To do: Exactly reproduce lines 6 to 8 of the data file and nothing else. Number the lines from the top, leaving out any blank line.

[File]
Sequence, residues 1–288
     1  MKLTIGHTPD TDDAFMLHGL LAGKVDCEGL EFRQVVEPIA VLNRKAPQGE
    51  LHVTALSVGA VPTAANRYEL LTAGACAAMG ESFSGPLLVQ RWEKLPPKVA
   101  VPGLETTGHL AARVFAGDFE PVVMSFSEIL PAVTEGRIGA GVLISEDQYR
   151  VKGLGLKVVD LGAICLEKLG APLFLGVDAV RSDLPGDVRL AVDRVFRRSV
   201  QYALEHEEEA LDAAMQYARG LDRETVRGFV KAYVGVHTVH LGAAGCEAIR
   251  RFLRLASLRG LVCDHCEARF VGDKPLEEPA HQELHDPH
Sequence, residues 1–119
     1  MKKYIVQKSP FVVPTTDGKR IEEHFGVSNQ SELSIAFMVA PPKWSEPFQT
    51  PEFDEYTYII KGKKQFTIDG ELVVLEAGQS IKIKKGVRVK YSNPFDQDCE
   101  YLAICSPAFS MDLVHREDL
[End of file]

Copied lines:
   201  QYALEHEEEA LDAAMQYARG LDRETVRGFV KAYVGVHTVH LGAAGCEAIR
   251  RFLRLASLRG LVCDHCEARF VGDKPLEEPA HQELHDPH
Sequence, residues 1–119